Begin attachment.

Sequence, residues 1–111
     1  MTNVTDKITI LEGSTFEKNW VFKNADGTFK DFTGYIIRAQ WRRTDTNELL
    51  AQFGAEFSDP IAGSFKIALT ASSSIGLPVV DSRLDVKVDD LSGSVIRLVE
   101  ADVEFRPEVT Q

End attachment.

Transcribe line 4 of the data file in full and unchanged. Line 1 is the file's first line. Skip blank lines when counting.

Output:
   101  ADVEFRPEVT Q